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Library for Application Programming Standards

IP.com Disclosure Number: IPCOM000105148D
Original Publication Date: 1993-Jun-01
Included in the Prior Art Database: 2005-Mar-19
Document File: 2 page(s) / 68K

Publishing Venue

IBM

Related People

Jackson, BJ: AUTHOR [+4]

Abstract

Because companies hire computer programmers at different levels of programming skills, there is a need for a programming library that standardizes program source in a common format. Prior job experience or lack of proper programming etiquette results in poorly developed programs with several different formats depending on the programmer. Programmers who maintain or support these programs, often, have to debug without fully understanding the logic or intentions of the original programmer.

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Library for Application Programming Standards

      Because companies hire computer programmers at different levels
of programming skills, there is a need for a programming library that
standardizes program source in a common format.  Prior job experience
or lack of proper programming etiquette results in poorly developed
programs with several different formats depending on the programmer.
Programmers who maintain or support these programs, often, have to
debug without fully understanding the logic or intentions of the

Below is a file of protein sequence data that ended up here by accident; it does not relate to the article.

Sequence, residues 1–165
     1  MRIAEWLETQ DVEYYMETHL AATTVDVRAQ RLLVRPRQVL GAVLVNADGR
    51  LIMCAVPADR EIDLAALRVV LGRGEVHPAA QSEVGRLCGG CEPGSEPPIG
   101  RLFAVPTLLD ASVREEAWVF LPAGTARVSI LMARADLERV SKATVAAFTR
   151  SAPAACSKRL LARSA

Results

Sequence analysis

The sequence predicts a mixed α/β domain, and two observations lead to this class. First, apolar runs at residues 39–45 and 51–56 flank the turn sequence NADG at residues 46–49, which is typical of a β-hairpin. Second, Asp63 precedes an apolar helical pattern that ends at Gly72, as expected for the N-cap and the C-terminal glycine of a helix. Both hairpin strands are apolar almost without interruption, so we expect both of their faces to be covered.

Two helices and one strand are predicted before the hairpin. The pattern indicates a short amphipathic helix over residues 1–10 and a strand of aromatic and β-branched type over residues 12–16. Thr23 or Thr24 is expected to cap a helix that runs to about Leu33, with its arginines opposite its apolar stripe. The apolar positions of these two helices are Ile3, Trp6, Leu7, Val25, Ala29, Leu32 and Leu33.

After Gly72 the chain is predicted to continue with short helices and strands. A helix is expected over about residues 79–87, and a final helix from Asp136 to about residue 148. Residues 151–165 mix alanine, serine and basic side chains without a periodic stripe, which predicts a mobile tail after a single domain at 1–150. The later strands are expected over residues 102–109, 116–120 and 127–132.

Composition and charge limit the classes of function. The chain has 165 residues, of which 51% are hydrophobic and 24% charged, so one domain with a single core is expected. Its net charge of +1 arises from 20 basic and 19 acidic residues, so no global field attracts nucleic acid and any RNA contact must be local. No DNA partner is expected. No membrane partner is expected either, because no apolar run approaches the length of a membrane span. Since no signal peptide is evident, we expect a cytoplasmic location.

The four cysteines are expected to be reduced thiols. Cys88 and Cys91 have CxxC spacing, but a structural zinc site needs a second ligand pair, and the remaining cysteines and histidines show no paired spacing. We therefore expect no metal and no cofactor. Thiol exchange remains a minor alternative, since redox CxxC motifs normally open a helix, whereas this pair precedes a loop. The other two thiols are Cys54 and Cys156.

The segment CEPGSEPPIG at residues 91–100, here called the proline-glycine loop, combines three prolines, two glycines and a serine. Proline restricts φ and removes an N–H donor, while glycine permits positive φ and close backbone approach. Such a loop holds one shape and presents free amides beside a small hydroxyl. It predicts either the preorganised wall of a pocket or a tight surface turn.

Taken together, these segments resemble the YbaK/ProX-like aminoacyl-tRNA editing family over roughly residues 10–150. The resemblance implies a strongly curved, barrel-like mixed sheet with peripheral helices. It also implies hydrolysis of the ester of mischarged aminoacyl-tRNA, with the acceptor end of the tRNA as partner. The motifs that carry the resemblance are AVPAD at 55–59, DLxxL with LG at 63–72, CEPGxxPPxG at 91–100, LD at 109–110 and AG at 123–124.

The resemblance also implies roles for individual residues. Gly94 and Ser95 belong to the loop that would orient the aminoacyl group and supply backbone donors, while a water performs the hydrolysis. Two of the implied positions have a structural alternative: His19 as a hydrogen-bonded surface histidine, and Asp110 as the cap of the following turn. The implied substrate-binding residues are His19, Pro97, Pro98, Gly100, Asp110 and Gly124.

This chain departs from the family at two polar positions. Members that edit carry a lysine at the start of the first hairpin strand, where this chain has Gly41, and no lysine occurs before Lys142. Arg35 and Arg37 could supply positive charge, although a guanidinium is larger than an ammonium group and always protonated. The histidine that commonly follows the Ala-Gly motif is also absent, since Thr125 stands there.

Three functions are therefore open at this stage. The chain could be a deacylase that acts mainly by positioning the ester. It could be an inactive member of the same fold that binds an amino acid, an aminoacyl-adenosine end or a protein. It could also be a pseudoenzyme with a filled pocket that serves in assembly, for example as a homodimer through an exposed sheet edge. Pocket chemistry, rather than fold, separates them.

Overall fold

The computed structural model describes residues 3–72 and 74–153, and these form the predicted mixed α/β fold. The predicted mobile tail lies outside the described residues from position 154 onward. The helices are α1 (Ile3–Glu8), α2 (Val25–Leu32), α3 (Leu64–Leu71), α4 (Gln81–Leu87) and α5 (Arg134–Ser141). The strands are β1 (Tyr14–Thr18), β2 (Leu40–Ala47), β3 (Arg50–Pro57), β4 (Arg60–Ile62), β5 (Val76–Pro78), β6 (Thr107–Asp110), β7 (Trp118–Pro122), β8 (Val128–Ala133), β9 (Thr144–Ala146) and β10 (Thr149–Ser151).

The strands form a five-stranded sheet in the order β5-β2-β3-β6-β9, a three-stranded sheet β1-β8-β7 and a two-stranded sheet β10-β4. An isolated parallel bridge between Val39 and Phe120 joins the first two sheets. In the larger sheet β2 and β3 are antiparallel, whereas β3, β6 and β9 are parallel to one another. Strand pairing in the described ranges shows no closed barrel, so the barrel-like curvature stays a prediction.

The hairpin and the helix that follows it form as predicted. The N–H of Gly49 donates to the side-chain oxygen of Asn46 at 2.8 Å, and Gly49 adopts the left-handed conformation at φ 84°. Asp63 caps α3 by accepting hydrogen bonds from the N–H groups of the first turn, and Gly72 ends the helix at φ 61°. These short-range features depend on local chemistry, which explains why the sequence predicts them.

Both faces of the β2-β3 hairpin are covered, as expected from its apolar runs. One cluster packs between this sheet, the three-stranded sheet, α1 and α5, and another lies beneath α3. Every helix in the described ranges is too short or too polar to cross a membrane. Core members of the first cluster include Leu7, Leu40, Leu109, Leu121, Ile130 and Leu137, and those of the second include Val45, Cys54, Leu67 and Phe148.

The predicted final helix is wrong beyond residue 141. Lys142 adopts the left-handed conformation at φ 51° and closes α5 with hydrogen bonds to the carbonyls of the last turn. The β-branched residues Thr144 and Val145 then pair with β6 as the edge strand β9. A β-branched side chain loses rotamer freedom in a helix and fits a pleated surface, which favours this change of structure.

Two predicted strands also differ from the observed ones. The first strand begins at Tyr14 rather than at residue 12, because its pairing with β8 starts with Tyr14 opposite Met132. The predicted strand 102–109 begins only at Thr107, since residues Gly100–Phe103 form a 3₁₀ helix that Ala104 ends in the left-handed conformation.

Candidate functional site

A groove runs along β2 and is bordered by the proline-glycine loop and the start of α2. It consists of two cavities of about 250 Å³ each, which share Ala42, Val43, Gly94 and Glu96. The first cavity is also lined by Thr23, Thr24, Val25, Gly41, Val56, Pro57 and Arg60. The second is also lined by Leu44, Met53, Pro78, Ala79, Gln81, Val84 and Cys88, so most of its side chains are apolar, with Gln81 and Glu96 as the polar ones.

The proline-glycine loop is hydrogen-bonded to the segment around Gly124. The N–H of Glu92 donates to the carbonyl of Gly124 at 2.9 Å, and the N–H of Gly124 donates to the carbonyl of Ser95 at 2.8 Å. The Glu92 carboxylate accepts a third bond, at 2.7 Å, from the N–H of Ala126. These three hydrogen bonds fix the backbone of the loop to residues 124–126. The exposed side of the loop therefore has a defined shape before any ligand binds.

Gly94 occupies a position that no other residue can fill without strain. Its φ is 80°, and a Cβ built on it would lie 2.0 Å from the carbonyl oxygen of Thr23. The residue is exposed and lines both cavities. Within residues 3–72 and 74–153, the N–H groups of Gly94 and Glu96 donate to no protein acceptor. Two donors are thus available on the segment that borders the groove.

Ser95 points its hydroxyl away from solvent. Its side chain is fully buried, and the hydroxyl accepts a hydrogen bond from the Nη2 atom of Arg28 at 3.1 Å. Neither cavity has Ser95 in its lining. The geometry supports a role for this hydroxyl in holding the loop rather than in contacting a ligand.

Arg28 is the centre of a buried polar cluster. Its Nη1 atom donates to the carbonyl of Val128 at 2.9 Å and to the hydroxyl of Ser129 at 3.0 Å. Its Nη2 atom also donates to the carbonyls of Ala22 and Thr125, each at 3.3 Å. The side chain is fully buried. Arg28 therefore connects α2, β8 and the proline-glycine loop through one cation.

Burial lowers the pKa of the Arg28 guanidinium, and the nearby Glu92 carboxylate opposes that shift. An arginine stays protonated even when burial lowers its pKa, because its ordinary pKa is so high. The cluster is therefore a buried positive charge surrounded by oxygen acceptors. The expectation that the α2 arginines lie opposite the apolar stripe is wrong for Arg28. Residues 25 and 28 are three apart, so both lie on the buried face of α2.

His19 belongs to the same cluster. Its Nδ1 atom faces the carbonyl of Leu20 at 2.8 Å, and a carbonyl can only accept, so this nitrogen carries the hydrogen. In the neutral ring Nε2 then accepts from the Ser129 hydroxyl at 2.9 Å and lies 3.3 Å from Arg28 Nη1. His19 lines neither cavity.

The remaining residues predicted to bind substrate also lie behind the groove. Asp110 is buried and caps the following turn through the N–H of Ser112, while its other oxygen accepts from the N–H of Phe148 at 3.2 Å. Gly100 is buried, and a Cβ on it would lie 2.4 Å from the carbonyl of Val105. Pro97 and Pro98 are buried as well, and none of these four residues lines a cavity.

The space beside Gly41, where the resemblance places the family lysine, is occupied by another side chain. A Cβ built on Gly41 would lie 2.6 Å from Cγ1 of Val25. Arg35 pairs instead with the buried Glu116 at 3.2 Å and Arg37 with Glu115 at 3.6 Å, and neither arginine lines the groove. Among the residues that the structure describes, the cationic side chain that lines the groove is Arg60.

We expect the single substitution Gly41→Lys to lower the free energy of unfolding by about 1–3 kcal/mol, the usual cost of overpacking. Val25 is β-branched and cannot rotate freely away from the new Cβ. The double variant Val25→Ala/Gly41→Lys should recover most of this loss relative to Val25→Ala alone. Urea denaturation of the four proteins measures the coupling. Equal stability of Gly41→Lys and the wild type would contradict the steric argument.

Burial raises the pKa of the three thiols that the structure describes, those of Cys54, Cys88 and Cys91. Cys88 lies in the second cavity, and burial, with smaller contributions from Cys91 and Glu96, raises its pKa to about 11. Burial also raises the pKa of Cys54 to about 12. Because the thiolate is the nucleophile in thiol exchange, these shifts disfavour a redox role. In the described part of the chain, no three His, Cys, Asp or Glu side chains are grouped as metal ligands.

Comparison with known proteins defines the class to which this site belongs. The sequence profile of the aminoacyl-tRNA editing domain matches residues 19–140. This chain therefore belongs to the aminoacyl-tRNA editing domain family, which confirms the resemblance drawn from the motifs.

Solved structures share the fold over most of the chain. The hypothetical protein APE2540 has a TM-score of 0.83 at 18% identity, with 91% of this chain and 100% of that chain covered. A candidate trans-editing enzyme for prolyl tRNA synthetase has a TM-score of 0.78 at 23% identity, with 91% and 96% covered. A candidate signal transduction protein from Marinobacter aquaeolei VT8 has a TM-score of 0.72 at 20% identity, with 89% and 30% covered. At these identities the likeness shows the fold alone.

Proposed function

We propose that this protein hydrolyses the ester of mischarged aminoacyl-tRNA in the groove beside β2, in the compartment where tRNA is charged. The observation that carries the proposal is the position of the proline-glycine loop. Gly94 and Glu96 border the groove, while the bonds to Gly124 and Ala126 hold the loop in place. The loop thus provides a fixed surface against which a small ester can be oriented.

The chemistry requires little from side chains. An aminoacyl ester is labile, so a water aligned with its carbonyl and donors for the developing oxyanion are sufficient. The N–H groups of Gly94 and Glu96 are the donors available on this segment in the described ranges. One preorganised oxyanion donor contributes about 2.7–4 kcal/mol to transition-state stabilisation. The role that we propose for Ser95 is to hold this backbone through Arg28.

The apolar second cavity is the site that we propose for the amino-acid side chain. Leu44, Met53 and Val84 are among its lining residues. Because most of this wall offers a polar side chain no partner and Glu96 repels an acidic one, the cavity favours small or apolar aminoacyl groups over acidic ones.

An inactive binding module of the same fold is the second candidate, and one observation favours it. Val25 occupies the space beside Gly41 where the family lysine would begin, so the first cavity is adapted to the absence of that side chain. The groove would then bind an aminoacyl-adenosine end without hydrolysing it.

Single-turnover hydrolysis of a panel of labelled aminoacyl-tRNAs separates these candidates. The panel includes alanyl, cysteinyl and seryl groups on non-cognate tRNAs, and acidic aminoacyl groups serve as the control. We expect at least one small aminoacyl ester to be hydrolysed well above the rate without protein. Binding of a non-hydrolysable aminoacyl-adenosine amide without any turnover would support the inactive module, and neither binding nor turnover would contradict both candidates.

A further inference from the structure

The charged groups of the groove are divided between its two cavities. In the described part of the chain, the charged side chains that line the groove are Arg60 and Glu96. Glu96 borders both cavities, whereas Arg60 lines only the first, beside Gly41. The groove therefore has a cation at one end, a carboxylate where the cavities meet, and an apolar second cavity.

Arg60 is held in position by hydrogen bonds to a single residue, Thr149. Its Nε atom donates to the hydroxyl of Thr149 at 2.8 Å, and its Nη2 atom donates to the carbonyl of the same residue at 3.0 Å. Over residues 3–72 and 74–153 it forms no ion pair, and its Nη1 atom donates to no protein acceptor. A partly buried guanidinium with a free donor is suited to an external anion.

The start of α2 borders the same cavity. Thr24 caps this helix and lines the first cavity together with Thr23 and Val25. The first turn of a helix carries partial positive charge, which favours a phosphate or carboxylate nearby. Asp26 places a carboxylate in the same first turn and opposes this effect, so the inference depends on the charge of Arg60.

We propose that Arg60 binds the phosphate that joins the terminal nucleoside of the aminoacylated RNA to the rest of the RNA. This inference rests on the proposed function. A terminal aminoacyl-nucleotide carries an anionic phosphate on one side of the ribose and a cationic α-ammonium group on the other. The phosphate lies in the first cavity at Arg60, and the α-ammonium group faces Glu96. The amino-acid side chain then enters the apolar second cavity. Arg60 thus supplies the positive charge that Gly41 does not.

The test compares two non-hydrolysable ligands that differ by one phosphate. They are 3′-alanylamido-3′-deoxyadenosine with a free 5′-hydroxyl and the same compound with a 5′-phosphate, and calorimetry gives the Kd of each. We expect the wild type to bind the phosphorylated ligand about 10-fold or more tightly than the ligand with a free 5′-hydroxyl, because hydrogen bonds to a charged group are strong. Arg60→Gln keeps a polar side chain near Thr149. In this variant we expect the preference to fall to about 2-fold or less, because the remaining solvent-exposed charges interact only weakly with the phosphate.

original programmer.

      This article describes a mechanism which serves as a library
service that stores and formats application program source code based
on customer-defined guidelines.  This library service has the
capability to detect, warn, and correct program syntax errors before
compiling and storing program source.  The primary feature of this
invention is its ability to modify programs with syntax errors before
the actual compilation of the source to produce the run-time
executable module/modules.  Note:  This is the syntax as defined by
an enterprise and not the language of the programming language.  The
factors or rules used for these modification guidelines are
ultimately determined by the customer (company).  However, the
mechanism can default to conventions based on American National
Standards Institute (ANSI) standards if no guidelines are customized.

      The customization of the mechanism is handled ideally by the
software product administrator or systems programmer to input the
conventional standards determined by the company.  For example, a
company may determine that each 'IF-THEN-ELSE' statement of the
source code should be indented on the next line 3 spaces in from the
beginning of the previo...